Medication Tapering Guides
Benzo Buddies provides information and support to plan and execute a benzodiazepine withdrawal schedule.
The Harm Reduction Guide to Coming Off Psychiatric Drugs, written by Will Hall and published by The Icarus Project and Freedom Center five years ago, is now available in a revised edition!
“Xanax Withdrawal” is by Dr. Stuart Shipko, a clinician in Pasadena, California who has focused to some degree on tapering people off psychiatric drugs and withdrawal syndrome. He’s one of the few doctors who will give a diagnosis of withdrawal syndrome for insurance purposes or in a lawsuit.
Dr. Peter Breggin’s new book, Psychiatric Drug Withdrawal: A Guide for Prescribers, Therapists, Patients and Families, is meant for prescribers, therapists, patients and their families who want guidance in tapering off drugs.
Will Hall’s Harm Reduction Guide, published by the Icarus Project and Freedom Center.
Video by Will Hall explaining some of the important things to consider when choosing to reduce medications.
Protocol for the Treatment of Benzodiazepine Withdrawal, written by Dr. C. Heather Ashton (“The Ashton Manual), published on Benzo.org
Comingoff.com is a website that ”…aims to give you up to date information about psychiatric medication, how it functions and the withdrawal process. It is put together by people who have been prescribed medication and withdrawn from it, and clinicians who have been involved in supporting this process.”
A program oriented toward helping people eliminate dependency on and addiction to prescription drugs.
Emotional Freedom Technique (EFT) involves tapping on stress-relieving points of the body while reciting affirmations to help manage withdrawal symptoms. This approach has been shown to help with many anxiety issues in addition to medication withdrawal, as it is being used here.
Michael I. Gurevich, MD, is a New York psychiatrist who uses holistic approaches, including acupuncture, meditation, yoga, nutrition, EMDR and others to help patients resolve physical and emotional traumas.
The International Network of Integrative Mental Health (INIMH) is a “A global organization to advance an integrative whole person approach to mental health through education, research, networking and advocacy.”
Mindfulness Based Stress Reduction began at the U.Mass. Medical Center in 1979 and is now offered in over 200 medical centers around the world, as well as in countless private groups and classes, as a proven complement to medical treatment. Mindfulness Based Cognitive Therapy, based on the MBSR program, works with the thoughts and feelings of depression and introduces skills for mastering them.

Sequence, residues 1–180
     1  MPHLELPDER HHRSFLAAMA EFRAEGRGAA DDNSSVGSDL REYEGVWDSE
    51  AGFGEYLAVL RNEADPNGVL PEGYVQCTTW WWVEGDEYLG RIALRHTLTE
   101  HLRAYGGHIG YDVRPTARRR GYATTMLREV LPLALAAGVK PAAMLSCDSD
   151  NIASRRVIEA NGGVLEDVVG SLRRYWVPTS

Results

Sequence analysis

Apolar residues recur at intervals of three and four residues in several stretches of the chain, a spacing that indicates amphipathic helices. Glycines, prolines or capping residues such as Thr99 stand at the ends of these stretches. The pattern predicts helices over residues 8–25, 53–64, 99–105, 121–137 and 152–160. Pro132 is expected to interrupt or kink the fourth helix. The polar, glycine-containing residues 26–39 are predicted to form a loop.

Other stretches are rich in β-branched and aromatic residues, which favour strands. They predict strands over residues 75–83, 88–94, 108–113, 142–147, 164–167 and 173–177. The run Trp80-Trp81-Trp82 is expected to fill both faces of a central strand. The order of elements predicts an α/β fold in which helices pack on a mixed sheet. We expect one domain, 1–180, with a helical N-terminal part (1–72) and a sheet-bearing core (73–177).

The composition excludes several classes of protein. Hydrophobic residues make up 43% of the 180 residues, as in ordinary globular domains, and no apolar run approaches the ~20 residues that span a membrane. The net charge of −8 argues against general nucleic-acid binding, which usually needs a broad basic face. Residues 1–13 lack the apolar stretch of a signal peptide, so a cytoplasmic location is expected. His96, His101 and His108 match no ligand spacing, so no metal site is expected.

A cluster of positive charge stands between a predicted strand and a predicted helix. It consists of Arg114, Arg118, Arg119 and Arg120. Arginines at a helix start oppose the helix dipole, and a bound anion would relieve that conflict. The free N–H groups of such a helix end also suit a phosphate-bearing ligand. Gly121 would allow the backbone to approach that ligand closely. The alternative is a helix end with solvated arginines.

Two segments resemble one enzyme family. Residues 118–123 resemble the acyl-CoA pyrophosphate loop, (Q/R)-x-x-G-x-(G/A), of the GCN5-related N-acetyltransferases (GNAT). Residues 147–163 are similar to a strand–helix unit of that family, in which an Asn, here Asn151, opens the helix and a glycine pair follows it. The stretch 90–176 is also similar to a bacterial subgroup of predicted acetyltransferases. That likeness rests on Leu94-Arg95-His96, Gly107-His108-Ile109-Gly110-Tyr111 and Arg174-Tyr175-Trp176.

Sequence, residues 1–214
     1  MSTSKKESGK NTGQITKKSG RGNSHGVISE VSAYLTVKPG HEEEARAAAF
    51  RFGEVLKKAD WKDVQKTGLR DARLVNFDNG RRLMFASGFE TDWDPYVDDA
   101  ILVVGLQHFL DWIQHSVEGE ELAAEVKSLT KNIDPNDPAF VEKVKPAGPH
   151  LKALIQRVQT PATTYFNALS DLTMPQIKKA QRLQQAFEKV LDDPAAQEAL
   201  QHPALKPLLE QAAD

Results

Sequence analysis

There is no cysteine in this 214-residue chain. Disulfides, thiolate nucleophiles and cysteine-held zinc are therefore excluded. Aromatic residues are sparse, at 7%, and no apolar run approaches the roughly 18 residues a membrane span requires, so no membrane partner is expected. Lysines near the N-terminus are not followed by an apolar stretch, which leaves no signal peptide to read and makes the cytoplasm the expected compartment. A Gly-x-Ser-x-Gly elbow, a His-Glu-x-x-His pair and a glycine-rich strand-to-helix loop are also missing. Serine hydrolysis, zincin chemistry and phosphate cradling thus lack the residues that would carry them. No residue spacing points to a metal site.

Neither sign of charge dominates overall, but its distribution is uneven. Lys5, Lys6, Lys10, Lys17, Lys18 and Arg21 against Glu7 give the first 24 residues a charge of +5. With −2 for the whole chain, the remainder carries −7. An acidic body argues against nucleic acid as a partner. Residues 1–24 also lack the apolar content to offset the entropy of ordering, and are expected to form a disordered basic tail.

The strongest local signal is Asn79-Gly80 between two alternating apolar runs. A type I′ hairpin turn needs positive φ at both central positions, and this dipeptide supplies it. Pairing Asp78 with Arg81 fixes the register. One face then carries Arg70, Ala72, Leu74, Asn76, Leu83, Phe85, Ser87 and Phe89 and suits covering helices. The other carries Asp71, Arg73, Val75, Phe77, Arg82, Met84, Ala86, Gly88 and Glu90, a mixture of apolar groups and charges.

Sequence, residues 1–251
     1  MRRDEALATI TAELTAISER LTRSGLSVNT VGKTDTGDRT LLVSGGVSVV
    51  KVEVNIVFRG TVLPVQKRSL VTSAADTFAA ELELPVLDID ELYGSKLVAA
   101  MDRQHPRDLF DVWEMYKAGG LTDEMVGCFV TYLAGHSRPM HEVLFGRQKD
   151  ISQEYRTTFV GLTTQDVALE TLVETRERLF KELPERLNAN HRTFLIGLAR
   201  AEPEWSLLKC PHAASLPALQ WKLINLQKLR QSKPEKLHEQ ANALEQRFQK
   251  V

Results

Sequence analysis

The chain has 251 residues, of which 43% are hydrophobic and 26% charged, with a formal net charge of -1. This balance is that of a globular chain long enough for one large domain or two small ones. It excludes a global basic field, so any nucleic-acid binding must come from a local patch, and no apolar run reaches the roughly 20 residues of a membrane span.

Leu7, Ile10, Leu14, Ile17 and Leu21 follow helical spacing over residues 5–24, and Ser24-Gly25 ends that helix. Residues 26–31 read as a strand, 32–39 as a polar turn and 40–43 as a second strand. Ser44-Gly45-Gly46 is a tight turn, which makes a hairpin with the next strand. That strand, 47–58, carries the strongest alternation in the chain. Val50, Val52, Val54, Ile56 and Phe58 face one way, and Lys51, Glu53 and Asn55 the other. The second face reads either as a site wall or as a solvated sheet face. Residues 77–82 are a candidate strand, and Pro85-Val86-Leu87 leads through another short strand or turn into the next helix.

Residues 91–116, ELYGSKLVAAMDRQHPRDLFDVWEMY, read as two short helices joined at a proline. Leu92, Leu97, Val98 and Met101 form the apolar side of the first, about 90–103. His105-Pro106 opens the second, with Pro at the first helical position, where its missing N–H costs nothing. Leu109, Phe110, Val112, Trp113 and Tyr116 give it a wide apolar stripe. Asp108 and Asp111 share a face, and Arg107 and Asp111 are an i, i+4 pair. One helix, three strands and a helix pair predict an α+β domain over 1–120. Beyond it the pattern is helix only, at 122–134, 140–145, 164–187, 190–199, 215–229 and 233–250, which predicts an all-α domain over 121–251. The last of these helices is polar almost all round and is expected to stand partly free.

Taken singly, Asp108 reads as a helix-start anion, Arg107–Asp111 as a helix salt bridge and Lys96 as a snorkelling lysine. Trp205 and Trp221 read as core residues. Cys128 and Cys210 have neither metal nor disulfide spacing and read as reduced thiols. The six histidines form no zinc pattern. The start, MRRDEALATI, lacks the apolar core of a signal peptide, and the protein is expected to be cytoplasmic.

Mindfulness Based Relapse Prevention, based on the work of Jon Kabatt-Zinn in Mindfulness-Based Stress Reduction, and Zindel Segal in Mindfulness-Based Cognitive Therapy, is proven to help people withdraw from addictive substances and medications.
The Sensotimotor Psychotherapy Institute works with trauma and dissociation using a mindfulness-based approach.
AntiDepAware promotes awareness of the dangers of antidepressants, in particular to the problem of antidepressants “being prescribed to those who are not depressed, to whom they are likely to do more harm than good.” The the site offers a link to inquest reports in England and Wales over the past 10 years, found mostly in the online archives of local newspapers.
Maintained by Duane Sherry, M.S., C.R.C.-R, Discover and Recover is a resource site that explores integrative medicine and treatment modalities for health conditions of all sorts, links to peer support networks, treatment centers, non-drug and recovery stories, faith, hope and inspiration.
ProPublica offers an interactive tool that lets you search nursing home inspection reports for problems such as antipsychotic overprescribing.
Recovery Road Wellness Project’s focus is on providing self-help and coping strategies to individuals currently experiencing benzo and antidepressant withdrawal and dependency, and on providing resources for moving on, reintegrating, and living fully functional lives.
Spiritual Recovery explores the “transformative experience that in this culture and setting would be identified as psychosis.”
Surviving Antidepressants provides volunteer peer support for antidepressant withdrawal, while tapering off and after you quit.
BCNC is a website aimed at helping people reduce from benzodiazepines. It includes links, book reviews, support groups, and other information.
“The Center for the Human Rights of Users and Survivors of Psychiatry (CHRUSP) provides strategic leadership in human rights advocacy, implementation and monitoring relevant to people experiencing madness, mental health problems, or trauma. In particular, CHRUSP works for full legal capacity for all, an end to forced drugging, forced electroshock and psychiatric incarceration, and for support that respects individual integrity and free will.”